# Lecture 39: Parallel Computing in Julia¶

All computers are parallel. We distinguish between three types of parallel computing.

Distributed memory parallel computing.

Shared memory parallel computing.

Acceleration with Graphics Processing Units.

Parallel programs are evaluated by speedup and performance.

Speedup is the serial time over parallel time.

The number of floating-point operations per second (flops) measures the performance.

Julia supports all the three types listed above, but in this lecture we focus on multithreading.

## Parallel Symbolic Computing¶

In symbolic computing we compute expressions. We view the expressions as functions to evaluate at many points. The evaluation at different points happens independently, in parallel.

Two of the most commonly used expressions are polynomials and power series. A typical application is interpolation.

A polynomial of degree \(d\) in one variable has \(d+1\) coefficients and is determined uniquely by \(d+1\) function values at distinct points.

Power series are computed via the Fast Fourier Transform.

## Parallel Computing with Julia¶

We apply multithreading in a Jupyter notebook,

in a kernel installed with the environment variable set to 16 threads.

```
julia> using IJulia
julia> installkernel("Julia (16 threads)", env = Dict("JULIA_NUM_THREADS"=>"16"))
```

If the kernel was installed correctly, then in a code cell of a Jupyter notebook running this kernel, we can verify with

```
using Base.Threads
nthreads()
```

that indeed we have `16`

threads available.

A quick way to do parallel programming is to call software libraries
which support multithreading.
We consider the matrix-matrix multiplication,
as executed by `mul!()`

of BLAS,
where BLAS stands for the Basic Linear Algebra Subroutines.

Two issues we must consider.

Choose the size of the matrices large enough.

The time should not include the compilation time.

```
using LinearAlgebra
n = 8000
```

The choice of `8000`

as a sufficiently large problem
can be justified by considering the `peakflops`

.

For the matrix-matrix multiplication, we generate 3 random matrices

```
A = rand(n, n); B = rand(n,n); C = rand(n,n);
```

suppressing the output with the semicolon and set the number of threads to 2 with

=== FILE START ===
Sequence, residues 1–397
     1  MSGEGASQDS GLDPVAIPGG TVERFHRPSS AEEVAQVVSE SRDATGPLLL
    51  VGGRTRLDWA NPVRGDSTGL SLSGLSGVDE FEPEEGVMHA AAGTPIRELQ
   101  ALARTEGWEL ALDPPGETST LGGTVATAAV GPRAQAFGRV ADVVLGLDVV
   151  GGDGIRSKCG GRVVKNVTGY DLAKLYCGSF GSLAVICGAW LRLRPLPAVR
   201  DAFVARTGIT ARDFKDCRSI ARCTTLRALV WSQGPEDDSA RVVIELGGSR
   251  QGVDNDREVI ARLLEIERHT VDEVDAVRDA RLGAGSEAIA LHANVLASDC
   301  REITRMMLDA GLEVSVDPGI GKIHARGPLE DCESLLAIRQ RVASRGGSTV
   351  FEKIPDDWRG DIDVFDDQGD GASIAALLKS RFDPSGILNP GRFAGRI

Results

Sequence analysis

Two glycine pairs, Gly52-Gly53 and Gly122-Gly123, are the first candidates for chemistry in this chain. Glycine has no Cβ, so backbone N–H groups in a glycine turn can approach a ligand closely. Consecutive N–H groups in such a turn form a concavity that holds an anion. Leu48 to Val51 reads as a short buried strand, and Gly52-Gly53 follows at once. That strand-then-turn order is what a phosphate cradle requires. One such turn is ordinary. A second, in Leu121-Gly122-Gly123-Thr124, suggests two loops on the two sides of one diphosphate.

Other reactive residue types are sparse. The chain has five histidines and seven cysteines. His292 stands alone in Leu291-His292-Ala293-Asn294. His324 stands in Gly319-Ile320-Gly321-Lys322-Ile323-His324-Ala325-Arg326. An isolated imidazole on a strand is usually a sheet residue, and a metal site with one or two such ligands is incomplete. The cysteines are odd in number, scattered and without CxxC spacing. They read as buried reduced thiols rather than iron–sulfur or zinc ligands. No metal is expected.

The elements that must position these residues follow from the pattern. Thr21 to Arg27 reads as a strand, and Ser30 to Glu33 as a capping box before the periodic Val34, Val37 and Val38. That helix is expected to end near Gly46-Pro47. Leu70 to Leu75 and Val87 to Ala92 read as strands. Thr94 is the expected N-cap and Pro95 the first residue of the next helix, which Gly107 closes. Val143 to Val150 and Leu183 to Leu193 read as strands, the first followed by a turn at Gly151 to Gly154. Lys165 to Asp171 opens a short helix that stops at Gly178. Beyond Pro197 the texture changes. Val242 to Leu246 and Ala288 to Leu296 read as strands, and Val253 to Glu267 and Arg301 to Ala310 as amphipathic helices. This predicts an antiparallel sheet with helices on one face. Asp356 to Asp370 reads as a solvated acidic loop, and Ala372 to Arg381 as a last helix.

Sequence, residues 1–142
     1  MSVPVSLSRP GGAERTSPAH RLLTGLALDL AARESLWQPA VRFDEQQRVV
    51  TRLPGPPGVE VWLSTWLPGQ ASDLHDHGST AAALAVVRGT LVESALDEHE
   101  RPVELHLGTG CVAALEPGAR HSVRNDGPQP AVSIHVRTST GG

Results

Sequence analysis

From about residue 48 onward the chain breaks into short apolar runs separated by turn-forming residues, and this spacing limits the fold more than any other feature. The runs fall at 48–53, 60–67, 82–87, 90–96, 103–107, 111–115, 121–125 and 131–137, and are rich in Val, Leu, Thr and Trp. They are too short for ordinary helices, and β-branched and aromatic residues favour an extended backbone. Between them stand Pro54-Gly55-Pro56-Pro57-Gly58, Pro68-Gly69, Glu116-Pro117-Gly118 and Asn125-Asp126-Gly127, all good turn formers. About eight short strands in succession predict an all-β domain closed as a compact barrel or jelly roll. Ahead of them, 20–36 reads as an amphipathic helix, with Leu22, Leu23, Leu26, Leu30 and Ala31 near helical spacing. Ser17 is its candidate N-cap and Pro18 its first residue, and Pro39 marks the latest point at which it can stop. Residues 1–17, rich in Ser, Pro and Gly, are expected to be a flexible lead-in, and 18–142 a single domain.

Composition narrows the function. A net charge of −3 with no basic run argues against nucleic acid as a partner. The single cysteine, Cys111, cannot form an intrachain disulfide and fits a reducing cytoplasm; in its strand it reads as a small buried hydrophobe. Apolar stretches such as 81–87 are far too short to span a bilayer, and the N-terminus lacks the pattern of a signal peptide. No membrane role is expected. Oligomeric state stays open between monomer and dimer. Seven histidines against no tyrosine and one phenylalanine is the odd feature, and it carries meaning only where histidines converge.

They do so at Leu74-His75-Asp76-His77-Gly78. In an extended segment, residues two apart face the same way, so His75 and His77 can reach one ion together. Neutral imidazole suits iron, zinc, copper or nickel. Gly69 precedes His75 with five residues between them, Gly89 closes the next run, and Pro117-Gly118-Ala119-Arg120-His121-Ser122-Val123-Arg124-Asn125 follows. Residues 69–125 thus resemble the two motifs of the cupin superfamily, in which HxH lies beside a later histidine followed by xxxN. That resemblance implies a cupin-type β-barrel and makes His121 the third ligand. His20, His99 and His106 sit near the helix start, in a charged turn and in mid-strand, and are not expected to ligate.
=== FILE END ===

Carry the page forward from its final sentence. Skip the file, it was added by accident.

```
BLAS.set_num_threads(2)
```

Then we run with a timer

```
@time mul!(C, A, B)
```

which reports also the percentage of time spent on compilation. To avoid this overhead, we run again and then double the number of threads and then run again:

```
@time mul!(C, A, B)
BLAS.set_num_threads(4)
@time mul!(C, A, B)
```

With four threads, the time dropped from 9.96 seconds to 6.46 seconds, done on an Intel i9-9880H 2.30GHz CPU in a laptop running Windows, with Julia 1.7.2.

The command `peakflops`

computes the peak flop rate
using double precision `gemm!`

.
For the computer used in this experiment, `peakflops(8000)`

returned `1.9e11`

(or 190 billion flops), which is more
than what the `peakflops(4000)`

or `peakflops(16000)`

reported.
So the dimension `n = 8000`

is justified.

## Parallel Numerical Integration¶

We can estimate \(\pi\), via the area of the unit disk:

A Monte Carlo method proceeds as follows:

Generate random uniformly distributed points with coordinates \((x,y) \in [0,+1] \times [0,+1]\).

We count a success when \(x^2 + y^2 \leq 1\).

By the law of large numbers, the average of the observed successes converges to the expected value or mean, as the number of experiments increases.

The random number we apply is very simple:

```
myrand(x::Int64) = (1103515245x + 12345) % 2^31
```

and illustrates the easy at which Julia functions are defined. The function executed by each thread in the experiment is listed below:

```
"""
function estimatepi(n)
Runs a simple Monte Carlo method
to estimate pi with n samples.
"""
function estimatepi(n)
r = threadid()
count = 0
for i=1:n
r = myrand(r)
x = r/2^31
r = myrand(r)
y = r/2^31
count += (x^2 + y^2) <= 1
end
return 4*count/n
end
```

The `r = thread(id)`

initializes the seed for the random number generator
with the identification number of each thread. It is very important that
every thread generates a different sequence of random numbers.
Each thread writes in a different location in an array, defined next:

```
nt = ntreads()
estimates = zeros(nt)
```

Then the parallel for loop below defines the execution:

```
import Statistics
timestart = time()
@threads for i=1:nt
estimates[i] = estimatepi(10_000_000_000/nt)
end
estpi = Statistics.mean(estimates)
elapsed16 = time() - timestart
```

The total number of 10 billion random points is divided by the
number of threads. Running this same loop for a smaller number
of threads allows to compute the speedup.
The speedup of 16 over 8 threads was observed to be `1.5`

.